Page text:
Modifying Parties for Teens with Sensory Issues, Physical Disabilities and other Special Needs
If your teen has special needs and is becoming a bar or bat mitzvah, you’ll have had conversations with clergy, teachers and your family about how your service will unfold. Or, you may plan a different experience entirely for your teen to connect with Torah.
Adding a party to the plans may seem overwhelming but know that outstanding vendors and clever modifications can make a Mitzvah celebration a memorable, positive experience for the guest of honor and all your family and friends. We asked some Mitzvah parents and AMC Preferred Mitzvah Vendors to share their best tips for a successful special needs Mitzvah party.
Agree on a Party Style
Some teens may want a dance party because they know their friends will enjoy it. Some would prefer a family dinner at a favorite restaurant. A Mitzvah mom shared that she and her teen agreed on a compromise party: games and low-key activities for him and a DJ dance party at lower volume for the extended family and friends who wanted to hit the dance floor. Both were pleased with the plans for the big day.
Choose a Comfortable Venue
Some Mitzvah parents of special needs teens share that their kids feel most comfortable in spaces with lots of light or that are set in nature. You may require the venue to be all one level to avoid elevator use or heights. Or you may want to host a relaxed event at your home or neighborhood clubhouse. Explore venue possibilities that fit your attendee numbers and needs and narrow them down. Take your teen to only the top few and decide together on the best fit.
If changing locations too many times causes challenges, look for ways to minimize movement. Can you have your celebration immediately follow the service in the same place? A Mitzvah mom notes that keeping the transitions to a minimum was a huge help in reducing stress for her autistic teen.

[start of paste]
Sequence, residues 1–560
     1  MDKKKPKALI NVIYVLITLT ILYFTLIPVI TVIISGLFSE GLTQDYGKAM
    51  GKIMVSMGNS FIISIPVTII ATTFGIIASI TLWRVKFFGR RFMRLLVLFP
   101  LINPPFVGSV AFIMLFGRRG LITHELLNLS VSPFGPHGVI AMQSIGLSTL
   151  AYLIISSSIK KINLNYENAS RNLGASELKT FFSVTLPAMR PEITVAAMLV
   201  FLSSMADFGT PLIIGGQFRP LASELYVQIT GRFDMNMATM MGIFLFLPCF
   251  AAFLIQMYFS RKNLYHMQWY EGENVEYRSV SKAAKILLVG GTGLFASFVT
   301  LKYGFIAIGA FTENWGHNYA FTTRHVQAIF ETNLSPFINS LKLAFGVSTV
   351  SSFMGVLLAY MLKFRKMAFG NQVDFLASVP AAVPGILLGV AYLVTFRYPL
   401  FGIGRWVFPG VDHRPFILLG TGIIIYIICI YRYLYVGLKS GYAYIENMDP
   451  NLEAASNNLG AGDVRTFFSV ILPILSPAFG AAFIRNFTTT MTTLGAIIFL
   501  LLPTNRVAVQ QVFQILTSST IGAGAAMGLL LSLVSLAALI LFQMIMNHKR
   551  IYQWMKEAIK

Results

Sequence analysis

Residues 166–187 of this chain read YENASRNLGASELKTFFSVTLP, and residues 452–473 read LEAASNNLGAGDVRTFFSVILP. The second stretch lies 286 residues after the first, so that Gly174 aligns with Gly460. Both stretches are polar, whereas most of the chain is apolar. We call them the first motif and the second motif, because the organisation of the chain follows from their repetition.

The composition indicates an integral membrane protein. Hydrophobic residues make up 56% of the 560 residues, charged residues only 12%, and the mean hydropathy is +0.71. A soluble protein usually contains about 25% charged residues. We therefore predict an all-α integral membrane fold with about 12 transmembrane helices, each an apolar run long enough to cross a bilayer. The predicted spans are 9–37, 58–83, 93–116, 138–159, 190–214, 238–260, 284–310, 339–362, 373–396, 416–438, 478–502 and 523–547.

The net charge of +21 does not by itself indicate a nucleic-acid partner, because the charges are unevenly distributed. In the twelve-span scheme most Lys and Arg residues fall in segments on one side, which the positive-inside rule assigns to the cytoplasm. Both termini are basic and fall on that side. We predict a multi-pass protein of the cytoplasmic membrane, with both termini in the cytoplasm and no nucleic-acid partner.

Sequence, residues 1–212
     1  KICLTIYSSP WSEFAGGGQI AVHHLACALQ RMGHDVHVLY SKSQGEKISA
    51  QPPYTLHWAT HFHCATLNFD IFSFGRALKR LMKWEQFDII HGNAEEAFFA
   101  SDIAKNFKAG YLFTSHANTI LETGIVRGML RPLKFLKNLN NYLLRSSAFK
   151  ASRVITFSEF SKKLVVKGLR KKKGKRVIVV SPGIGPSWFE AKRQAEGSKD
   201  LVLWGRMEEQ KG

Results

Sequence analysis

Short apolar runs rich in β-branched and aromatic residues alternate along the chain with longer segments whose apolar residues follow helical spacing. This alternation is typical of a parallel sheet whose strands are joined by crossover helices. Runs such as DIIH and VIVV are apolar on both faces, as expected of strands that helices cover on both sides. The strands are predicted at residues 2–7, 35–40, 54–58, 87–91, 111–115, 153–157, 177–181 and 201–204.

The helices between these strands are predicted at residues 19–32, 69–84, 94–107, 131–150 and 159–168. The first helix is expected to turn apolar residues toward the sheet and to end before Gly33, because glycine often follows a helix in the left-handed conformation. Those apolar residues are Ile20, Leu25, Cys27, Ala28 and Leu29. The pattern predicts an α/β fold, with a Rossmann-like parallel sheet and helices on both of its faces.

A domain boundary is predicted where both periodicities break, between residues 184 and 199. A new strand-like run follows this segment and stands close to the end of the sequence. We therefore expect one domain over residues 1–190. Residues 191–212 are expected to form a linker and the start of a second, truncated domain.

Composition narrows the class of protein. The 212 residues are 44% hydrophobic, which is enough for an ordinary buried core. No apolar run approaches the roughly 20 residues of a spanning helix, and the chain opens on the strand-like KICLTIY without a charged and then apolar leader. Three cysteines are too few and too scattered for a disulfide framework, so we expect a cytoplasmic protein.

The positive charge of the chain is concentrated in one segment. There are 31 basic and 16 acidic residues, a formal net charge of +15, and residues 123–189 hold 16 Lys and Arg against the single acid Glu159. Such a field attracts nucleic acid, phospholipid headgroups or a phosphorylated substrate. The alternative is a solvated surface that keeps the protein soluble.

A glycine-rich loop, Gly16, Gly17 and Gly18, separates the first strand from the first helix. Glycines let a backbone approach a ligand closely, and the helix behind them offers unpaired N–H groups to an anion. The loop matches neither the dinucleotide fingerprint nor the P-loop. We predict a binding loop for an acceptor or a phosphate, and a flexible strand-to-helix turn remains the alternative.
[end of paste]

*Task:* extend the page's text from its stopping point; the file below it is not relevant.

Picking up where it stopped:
Share Your Modifications List with ALL Vendors
Let’s say your teen needs lowered volume, limited lighting and no touching or approaching his personal space. If all members of your vendor teams don’t know the modification plan, someone may accidentally cause your teen discomfort. Avoid this by sharing the plan with everyone, from event manager to caterer to entertainers.
Know What Fun Looks Like
DJ Neezy (aka Ben Needle) notes that the number one duty of a DJ is to build a relationship in which the DJ is aware of what makes the bar or bat mitzvah child happy AND comfortable. There is no “one size fits all” when it comes to customizing your party! Also, he notes, “Make sure that your entertainment partner knows what it looks like when the guest of honor is having fun. That way, he or she can respond rapidly if your teen is looking uncomfortable.”
Focus on the Beauty of Real
Life isn’t perfect, is it? Neither are any of us. Jenni Girtman of Life on Film Photography is adept at working with special needs families and says it’s important to show each family authentically. “Real” is the goal, not perfection. She spends time at initial meetings observing if the Mitzvah kid needs extra space, physically or emotionally. “If a teen is reacting to flash, or how close my lens appears, I can immediately adjust.” Jenni works to capture the story of the day and will follow the teen’s lead to give breaks when needed to create a comfortable experience and capture images that show their personality. And, she says, sometimes the non-posed images are the ones parents end up loving most.
Keep it Fluid
Cathy Schwartz of Atlanta Fever Entertainment notes that she frequently encounters teens with special needs who want a party but don’t want to be the center of attention. Fever DJs are known for making the guest of honor feel special without singling them out. If they want to be on the dance floor, but don’t want all eyes on them, the DJ or a dancer may accompany them to make them feel more comfortable. If physical limitations are an issue, games may be the best way to entertain the kids. But, Cathy says, that even with carefully planning and modifications, some things may need to change in the moment. “We want to make it wonderful for each teen, and if he or she at the last minute feels unsure, we can switch it up. We know how to modify on the fly.”
Thank Guests in Ways that Work
One parent of a dyslexic teen worried over the seemingly insurmountable thank you notes task. She had her teen type her thank you messages and added her personal signature to each one so that guests knew it wasn’t a form letter. Another teen with disabilities that prevented writing at all recorded a thank you song. His parents emailed it to their guests as a unique and personal way of expressing gratitude for sharing his milestone.
Thinking outside the box, modifying traditional party elements and working as a team with your vendors, you can create a memorable celebration for your teen.